The War on Fat

| October 18, 2002 Issue

A merica's weight consciousness probably began in the 1890s, "When the excesses of the Gilded Age spawned consumer guilt, causing conspicuous gluttony to go out of style," writes Elizabeth Wasserman in her short history of American obesity in the Atlantic Monthly. Yet by the mid-20th century, the rising popularity of fast food, cars, and the sedentary suburban lifestyle caused our nation's waistlines to grow faster than ever. The problem became so serious, in fact, that President John F. Kennedy formed the President's Council on Physical Fitness, which asked Americans to get in shape as part of their Cold War-era patriotic duty. However, one Atlantic reader disagreed with the logic that beating the Russians required strong and thin bodies - he argued that fatness was the key to any triumph over communism: "We shall match the Russians potato for potato, calorie for calorie--we shall fight in the all-night hamburger stands. We shall never surrender!"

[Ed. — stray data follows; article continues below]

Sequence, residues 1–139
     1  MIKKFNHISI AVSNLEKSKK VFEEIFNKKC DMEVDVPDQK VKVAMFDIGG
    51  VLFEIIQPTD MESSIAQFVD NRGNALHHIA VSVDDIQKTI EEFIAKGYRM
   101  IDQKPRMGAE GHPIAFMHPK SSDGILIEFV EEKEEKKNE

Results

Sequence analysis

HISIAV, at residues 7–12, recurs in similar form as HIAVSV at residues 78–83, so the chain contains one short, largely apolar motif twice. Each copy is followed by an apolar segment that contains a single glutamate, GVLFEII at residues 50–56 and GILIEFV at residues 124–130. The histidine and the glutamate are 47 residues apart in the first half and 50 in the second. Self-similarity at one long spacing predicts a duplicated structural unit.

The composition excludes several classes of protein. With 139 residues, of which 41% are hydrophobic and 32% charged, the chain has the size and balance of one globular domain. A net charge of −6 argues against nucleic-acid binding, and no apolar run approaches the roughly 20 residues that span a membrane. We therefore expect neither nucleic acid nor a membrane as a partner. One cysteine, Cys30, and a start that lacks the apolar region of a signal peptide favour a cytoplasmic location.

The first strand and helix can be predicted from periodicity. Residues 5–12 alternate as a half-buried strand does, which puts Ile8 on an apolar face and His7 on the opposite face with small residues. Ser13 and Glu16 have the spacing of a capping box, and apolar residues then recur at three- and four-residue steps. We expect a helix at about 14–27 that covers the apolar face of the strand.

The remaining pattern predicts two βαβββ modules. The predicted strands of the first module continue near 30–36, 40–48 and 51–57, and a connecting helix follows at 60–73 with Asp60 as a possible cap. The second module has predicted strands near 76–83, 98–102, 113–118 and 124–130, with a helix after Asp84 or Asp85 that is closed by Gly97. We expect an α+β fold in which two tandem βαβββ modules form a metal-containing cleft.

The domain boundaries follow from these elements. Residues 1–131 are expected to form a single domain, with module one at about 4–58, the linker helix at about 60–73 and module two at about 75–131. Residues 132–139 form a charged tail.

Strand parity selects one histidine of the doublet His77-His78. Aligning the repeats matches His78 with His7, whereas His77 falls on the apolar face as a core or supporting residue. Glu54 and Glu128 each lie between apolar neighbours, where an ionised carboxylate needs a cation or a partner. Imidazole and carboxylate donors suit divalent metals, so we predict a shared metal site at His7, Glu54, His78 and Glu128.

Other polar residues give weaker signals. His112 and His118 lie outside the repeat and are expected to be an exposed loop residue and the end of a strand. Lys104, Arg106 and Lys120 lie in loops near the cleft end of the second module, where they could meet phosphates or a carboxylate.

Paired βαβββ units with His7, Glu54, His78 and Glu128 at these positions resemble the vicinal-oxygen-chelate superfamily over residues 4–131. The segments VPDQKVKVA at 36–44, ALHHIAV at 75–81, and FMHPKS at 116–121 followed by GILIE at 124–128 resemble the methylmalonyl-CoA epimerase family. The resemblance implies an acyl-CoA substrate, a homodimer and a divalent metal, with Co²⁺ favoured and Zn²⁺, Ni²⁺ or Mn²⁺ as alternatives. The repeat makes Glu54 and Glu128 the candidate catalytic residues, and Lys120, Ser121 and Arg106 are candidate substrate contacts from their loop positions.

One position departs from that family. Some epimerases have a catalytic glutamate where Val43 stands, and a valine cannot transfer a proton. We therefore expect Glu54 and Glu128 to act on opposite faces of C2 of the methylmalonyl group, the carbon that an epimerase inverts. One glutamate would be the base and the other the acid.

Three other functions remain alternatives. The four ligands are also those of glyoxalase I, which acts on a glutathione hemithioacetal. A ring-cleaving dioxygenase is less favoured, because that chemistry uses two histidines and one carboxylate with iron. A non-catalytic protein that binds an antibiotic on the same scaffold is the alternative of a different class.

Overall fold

During the 1990's America's cultural and economic influence, along with its eating habits, spread to the far corners of the earth, with sometimes disastrous results. An obesity epidemic known as "New World Syndrome" has swept through Micronesia and throughout the South Pacific, in towns that experienced a sudden shift from farming and fishing to more sedentary lifestyles and fast food diets. American obesity, as Wasserman writes, is "no longer merely a matter of vanity, of personal health or patriotism, today it is a burden on a global scale."
--Erica Sagrans
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